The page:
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I am currently trying to spatially cluster data that is ordered on a grid. Each point has x and y coordinates as well as a measurement value. These features come from a time series where I analyze each timestamp individually.

So far I've used hierarchical clustering with great success, the clusters are nearly always what I would expect. However, since I am interested in cluster development as well as the intra- and intercluster variance I cluster the data for every timestamp. This results in a problem since the specific cluster indices are not temporally consistent. What was cluster 2 in the last timestamp might be cluster 1 in the next which makes a time-based analysis much more difficult.

Is there a different clustering method that results in temporally stable cluster indices or does anyone know of a method to reliably track the cluster indices? I thought about tracking the movement of the centroids and assigning the previous cluster label to the nearest new centroid but this doesn't seem consistent as well since it strongly depends on the changes in the data.

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    $\begingroup$ Do the measurements also contribute to clustering? // What is the scientific/practical context? I could imagine that ecologists studying animal movements have similar problems and might have come up with a solution $\endgroup$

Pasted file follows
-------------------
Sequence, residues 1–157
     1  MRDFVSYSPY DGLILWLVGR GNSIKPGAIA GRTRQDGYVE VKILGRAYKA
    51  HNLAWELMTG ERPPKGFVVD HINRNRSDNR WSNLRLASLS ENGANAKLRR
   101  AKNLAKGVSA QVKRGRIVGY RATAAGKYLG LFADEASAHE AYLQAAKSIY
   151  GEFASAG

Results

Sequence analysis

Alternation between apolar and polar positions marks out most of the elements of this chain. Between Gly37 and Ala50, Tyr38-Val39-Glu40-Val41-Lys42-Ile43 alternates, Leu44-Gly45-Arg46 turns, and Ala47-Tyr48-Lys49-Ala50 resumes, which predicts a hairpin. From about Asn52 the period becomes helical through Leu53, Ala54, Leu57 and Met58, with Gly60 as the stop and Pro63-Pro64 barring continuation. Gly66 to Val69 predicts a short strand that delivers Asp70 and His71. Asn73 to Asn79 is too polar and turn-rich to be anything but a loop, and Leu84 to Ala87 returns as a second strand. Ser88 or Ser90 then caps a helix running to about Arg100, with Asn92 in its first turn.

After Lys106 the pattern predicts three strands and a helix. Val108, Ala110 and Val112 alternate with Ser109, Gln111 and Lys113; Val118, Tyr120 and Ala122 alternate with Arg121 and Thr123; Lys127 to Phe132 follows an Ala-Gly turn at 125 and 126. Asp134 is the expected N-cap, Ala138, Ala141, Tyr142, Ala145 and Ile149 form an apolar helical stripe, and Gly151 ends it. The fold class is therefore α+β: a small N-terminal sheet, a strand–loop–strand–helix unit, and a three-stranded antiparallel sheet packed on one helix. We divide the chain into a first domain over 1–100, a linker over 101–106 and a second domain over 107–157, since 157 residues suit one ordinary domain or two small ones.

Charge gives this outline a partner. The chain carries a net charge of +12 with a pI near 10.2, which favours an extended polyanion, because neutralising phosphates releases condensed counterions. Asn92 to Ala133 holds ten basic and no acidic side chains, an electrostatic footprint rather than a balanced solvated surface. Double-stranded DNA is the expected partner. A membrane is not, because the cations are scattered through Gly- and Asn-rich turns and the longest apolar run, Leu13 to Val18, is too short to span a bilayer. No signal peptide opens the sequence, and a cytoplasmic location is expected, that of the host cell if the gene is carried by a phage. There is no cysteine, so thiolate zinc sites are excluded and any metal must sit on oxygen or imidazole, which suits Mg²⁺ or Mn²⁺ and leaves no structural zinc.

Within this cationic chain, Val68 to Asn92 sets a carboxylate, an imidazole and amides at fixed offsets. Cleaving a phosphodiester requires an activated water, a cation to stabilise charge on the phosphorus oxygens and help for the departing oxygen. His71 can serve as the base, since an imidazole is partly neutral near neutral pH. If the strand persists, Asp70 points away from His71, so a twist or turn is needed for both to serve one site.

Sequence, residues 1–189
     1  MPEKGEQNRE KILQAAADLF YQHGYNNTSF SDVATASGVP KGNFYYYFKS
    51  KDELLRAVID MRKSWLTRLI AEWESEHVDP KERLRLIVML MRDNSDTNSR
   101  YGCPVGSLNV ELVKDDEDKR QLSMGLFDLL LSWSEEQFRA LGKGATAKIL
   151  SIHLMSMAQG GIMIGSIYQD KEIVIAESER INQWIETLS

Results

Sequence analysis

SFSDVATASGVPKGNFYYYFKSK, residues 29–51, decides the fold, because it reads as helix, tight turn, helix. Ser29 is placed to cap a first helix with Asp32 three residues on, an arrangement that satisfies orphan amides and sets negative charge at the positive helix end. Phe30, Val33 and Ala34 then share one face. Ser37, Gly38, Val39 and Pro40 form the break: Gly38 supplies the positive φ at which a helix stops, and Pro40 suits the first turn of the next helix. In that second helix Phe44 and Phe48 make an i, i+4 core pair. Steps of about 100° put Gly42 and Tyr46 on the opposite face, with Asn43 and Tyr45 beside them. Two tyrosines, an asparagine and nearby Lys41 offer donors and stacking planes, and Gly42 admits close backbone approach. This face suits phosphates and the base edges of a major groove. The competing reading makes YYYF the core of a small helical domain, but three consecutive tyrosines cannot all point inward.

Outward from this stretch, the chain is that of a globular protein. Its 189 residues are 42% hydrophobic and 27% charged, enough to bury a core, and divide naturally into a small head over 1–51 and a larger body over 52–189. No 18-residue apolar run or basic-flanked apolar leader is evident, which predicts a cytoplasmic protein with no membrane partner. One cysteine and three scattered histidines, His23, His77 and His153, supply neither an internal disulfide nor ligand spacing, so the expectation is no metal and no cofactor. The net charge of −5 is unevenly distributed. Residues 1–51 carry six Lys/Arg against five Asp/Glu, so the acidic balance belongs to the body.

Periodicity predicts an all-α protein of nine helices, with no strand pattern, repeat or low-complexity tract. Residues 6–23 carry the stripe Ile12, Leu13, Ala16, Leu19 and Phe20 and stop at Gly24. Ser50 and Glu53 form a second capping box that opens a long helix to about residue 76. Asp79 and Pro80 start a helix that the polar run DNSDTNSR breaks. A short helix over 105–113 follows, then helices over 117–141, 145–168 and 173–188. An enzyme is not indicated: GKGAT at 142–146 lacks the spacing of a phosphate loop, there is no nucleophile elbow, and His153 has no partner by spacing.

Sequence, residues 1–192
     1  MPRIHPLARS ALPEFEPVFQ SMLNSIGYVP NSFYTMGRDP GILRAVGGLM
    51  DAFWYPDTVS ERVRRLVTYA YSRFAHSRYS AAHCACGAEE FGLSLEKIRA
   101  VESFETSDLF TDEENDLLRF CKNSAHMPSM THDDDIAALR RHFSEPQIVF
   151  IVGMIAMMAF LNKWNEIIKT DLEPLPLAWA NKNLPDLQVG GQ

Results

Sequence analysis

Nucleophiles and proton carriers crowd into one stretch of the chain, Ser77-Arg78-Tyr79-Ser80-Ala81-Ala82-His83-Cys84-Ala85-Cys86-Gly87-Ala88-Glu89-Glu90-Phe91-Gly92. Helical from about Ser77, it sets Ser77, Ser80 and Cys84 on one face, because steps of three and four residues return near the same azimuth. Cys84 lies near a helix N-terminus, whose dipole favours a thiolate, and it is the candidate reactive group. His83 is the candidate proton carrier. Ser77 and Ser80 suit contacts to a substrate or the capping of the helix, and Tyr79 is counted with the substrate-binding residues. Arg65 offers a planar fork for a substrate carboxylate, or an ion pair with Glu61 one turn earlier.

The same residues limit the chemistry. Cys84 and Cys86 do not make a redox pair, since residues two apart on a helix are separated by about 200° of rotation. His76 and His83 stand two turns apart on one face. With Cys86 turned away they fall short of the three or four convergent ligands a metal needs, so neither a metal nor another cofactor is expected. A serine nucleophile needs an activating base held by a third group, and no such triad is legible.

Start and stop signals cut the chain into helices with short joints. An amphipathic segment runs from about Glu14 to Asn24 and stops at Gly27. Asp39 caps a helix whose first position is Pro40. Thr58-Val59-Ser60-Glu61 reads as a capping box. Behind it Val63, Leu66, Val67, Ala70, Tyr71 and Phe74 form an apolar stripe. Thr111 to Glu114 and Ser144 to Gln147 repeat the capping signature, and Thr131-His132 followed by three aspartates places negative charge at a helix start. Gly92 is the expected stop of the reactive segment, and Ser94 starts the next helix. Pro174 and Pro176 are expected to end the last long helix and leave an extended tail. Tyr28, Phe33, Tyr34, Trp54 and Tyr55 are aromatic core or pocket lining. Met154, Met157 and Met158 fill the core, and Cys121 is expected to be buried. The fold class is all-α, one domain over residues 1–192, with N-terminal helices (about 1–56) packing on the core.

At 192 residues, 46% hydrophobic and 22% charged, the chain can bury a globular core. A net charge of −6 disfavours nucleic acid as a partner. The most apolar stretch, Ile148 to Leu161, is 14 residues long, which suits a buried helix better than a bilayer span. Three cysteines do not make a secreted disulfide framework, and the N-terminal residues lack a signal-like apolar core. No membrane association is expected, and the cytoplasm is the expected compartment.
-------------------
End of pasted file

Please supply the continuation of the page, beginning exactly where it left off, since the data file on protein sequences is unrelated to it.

– Ute
    Commented Jul 11, 2023 at 8:41
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    $\begingroup$ Yes, the measurements also contribute. I only include the spatial information to force local clusters instead of purely value based ones. I am studying the error causes in injection moulding where the spatial coordinates are a specific part of the mould and the corresponding value is a measurement of the resulting product. I already looked at methods used in geology where locality obviously is an important factor but wasn't able to find anything suitable for my problem. $\endgroup$ Commented Jul 11, 2023 at 9:05

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The most straightforward thing to track the cluster indices would be to compute the Jaccard index between pairs of clusters from different clusterings. You then find for example that cluster 1 from clustering A has Jaccard index 0.7 with cluster 2 from clustering B (and hence these correspond to each other); more generally this will give you a mapping of indices of one clustering onto indices of another clustering. If your clusters are really satisfactory as you describe and temporally fairly stable then this should work. You need to consider cases where the number of clusters is different between clusterings and there might be ambiguous cases that are less easy to resolve. In a first pass I would look for a minimalist, straightforward and descriptive approach such as this before considering anything more complicated.

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    $\begingroup$ Thanks! This definitely feels much more robust than my nearest neighbour approach which already failed due to too much movement of the centroids $\endgroup$ Commented Jul 11, 2023 at 13:56

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